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Eric Young (baseball)

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Title: Eric Young (baseball)  
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Subject: 1998 Los Angeles Dodgers season, 1999 Los Angeles Dodgers season, 1997 Los Angeles Dodgers season, List of Los Angeles Dodgers seasons, Jayson Stark
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Eric Young (baseball)

Eric Young
Colorado Rockies – No. 21
Second baseman / Left fielder
Born: (1967-05-18) May 18, 1967
New Brunswick, New Jersey
Batted: Right Threw: Right
MLB debut
July 30, 1992 for the Los Angeles Dodgers
Last MLB appearance
September 19, 2006 for the Texas Rangers
Career statistics
Batting average .283
Home runs 79
Runs batted in 543
Stolen bases 465

As coach

Career highlights and awards

Eric Orlando Young Sr. (born May 18, 1967) is a former Major League Baseball second baseman and left fielder. He played college baseball and college football for Rutgers University. He resides in New Brunswick, New Jersey.

Baseball career


Young began his MLB career with the Los Angeles Dodgers in 1992, but soon became one of the original Colorado Rockies in 1993. He hit a home run in the Rockies' first-ever home at bat on April 9, 1993, as part of an 11-4 home win over the Montreal Expos.[1] He helped Colorado to its first postseason series appearance in 1995, which they lost to the Atlanta Braves, three games to one. His best seasons came with the Rockies, where he was an All-Star and a Silver Slugger Award winner in 1996 at second base. In 1996, he hit .324, with 8 home runs, 74 RBI and 53 stolen bases.

During the 1990s, Young was one of the top base stealers in the major leagues. He is the Rockies career leader in stolen bases and is in the top 10 in many other offensive categories. On June 30, 1996, he managed to steal second base, third base, and home plate in one inning in a game against the Los Angeles Dodgers. In 1997, fan favorite Young was traded back to Los Angeles for pitcher Pedro Astacio. While in Los Angeles during 1998-1999, Young continued his consistency by stealing bases and hitting for solid averages.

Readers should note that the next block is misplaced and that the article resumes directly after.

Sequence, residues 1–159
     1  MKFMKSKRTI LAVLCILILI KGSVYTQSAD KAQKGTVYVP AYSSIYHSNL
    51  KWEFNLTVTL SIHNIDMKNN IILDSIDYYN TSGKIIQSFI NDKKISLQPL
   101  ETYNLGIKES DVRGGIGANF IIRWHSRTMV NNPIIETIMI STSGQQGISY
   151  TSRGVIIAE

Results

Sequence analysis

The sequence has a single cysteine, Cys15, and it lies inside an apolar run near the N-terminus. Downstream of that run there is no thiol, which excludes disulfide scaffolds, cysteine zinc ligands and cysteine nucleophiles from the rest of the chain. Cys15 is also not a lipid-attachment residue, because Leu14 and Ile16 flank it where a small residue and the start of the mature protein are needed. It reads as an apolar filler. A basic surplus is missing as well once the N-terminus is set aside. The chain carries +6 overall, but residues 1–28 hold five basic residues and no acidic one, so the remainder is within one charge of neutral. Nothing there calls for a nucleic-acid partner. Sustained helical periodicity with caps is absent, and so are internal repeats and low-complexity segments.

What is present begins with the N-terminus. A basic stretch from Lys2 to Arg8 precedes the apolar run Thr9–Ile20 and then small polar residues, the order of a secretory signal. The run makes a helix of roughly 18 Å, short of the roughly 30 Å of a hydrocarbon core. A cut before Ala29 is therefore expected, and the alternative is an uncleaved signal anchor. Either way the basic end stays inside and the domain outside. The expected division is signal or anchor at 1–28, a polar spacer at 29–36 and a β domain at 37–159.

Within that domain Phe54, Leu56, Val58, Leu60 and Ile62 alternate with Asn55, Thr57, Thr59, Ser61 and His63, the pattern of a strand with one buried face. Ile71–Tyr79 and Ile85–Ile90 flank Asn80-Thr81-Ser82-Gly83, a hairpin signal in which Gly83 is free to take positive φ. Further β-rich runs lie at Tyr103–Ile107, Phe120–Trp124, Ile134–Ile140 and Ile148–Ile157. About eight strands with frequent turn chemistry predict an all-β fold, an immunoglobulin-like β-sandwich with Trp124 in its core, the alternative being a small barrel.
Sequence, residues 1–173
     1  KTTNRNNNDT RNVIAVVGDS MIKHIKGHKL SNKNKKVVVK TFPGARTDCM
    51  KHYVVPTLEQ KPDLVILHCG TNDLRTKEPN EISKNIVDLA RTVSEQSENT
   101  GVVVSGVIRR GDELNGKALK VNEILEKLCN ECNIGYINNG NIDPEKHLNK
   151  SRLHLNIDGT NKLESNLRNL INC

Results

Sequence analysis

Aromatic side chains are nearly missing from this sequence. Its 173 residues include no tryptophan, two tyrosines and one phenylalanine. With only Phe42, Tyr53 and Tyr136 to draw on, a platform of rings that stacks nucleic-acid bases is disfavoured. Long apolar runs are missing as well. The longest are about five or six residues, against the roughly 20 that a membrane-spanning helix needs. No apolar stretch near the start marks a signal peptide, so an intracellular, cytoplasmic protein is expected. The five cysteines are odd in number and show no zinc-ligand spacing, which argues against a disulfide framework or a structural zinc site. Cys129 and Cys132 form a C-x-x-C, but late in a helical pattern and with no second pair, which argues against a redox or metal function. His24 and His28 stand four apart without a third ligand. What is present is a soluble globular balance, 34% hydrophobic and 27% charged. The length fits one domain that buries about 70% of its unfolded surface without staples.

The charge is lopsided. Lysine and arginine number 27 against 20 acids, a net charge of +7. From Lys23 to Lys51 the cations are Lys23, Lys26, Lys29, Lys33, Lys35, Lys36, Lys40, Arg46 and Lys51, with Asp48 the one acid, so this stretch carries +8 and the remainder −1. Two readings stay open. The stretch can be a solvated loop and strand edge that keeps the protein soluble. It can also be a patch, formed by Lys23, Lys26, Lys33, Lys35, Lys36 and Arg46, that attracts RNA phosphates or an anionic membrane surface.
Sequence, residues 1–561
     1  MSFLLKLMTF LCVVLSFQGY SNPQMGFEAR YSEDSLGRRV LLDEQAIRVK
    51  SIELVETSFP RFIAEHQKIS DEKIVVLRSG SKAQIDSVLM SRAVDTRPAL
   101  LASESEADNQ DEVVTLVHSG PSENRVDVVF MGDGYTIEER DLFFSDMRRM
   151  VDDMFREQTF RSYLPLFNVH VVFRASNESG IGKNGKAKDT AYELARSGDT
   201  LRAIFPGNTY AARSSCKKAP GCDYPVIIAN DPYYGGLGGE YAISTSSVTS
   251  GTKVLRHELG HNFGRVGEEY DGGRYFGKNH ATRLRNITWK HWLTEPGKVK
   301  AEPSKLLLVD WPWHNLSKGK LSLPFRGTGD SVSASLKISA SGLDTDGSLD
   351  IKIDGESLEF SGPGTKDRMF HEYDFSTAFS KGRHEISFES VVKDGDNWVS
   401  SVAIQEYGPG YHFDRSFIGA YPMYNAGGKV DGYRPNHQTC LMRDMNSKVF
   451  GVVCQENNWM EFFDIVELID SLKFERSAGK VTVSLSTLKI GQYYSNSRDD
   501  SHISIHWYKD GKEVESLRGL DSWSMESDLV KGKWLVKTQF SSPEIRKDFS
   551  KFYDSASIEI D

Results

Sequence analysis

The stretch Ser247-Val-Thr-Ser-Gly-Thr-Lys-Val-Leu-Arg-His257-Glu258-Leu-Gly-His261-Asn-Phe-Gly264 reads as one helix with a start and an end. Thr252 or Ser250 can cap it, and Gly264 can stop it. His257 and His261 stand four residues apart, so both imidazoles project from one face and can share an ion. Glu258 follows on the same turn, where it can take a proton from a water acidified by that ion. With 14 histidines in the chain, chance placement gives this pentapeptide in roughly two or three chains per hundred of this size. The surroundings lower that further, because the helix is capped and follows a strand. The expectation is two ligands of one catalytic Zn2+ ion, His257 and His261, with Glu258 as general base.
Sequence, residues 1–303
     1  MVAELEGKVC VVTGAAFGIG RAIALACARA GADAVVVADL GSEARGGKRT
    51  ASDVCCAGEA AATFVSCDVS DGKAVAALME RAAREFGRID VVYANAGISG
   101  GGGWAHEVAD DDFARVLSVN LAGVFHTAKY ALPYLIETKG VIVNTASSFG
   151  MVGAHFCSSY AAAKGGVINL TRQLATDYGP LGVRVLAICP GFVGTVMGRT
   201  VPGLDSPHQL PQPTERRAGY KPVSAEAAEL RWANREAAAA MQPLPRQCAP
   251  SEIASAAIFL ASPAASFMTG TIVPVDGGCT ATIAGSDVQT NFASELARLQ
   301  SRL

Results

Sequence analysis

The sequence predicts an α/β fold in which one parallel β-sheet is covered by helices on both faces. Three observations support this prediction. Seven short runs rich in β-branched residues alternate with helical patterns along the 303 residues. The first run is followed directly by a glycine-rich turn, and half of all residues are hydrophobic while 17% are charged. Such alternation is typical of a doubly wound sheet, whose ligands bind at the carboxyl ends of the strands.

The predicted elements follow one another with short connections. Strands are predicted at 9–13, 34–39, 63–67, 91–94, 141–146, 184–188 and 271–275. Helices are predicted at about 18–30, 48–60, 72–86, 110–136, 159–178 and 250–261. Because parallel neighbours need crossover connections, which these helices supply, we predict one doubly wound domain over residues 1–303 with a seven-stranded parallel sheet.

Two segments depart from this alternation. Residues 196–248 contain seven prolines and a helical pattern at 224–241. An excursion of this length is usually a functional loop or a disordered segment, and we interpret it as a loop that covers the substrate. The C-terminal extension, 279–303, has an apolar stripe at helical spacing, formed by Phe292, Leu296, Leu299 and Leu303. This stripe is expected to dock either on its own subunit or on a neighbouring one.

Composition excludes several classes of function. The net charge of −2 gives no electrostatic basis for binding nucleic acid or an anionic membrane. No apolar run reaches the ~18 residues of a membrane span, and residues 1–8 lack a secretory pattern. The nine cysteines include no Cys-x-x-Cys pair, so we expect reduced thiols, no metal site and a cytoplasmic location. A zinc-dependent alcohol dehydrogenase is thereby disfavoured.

Young was traded by the Dodgers to the Chicago Cubs in 1999. In 2000, while a member of the Cubs, he hit .297, with 6 home runs, 98 runs and 54 steals. In 2001, he enjoyed a similar season. In January 2002, Young signed as a free agent with the Milwaukee Brewers. In 2003, he hit 15 home runs, a career-high that almost doubled his previous best of 8 home runs. Young went on to play with the Texas Rangers and the San Diego Padres, where he was mainly used as a pinch runner. On August 1, 2006, Young was released by the Padres. He was subsequently reacquired by the Rangers and joined the team later that month. In late October, he declared free agency, but did not end up playing in the Majors again.

Post-playing career

Young's son, Eric Young, Jr., is following in his father's footsteps. Eric Jr. graduated from Piscataway Township High School in 2003 and on August 25, 2009 made his major league debut with Colorado Rockies when Dexter Fowler was put on the disabled list.

Young officially retired as a member of the Colorado Rockies on September 12, 2008.[2] He was honored during a pregame ceremony that same day at Coors Field before the Rockies took on the Los Angeles Dodgers.

Young is also an analyst on the sports program Baseball Tonight. He is often mentioned in the term "Souvenir City Chamber of Commerce, Eric Young President" which is the term used by host Steve Berthiaume when showing a home run. He also calls out "Souvenir City!" when showing footage of a home run.[3]

Young served as a running instructor for the Houston Astros and helped with their outfield and base running.[4]

Young was named the Arizona Diamondbacks first base coach on October 17, 2010.[5] On October 17, 2012, Young was fired from the position.[6][7] He joined the Rockies as the first base coach for the 2014 season.[8]

See also


  1. ^
  2. ^
  3. ^
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  5. ^
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  8. ^

External links

  • Career statistics and player information from Baseball-Reference, or Fangraphs, or The Baseball Cube, or Baseball-Reference (Minors)
  • Retrosheet
Preceded by
Matt Williams
Arizona Diamondbacks First Base Coach
Succeeded by
Steve Sax
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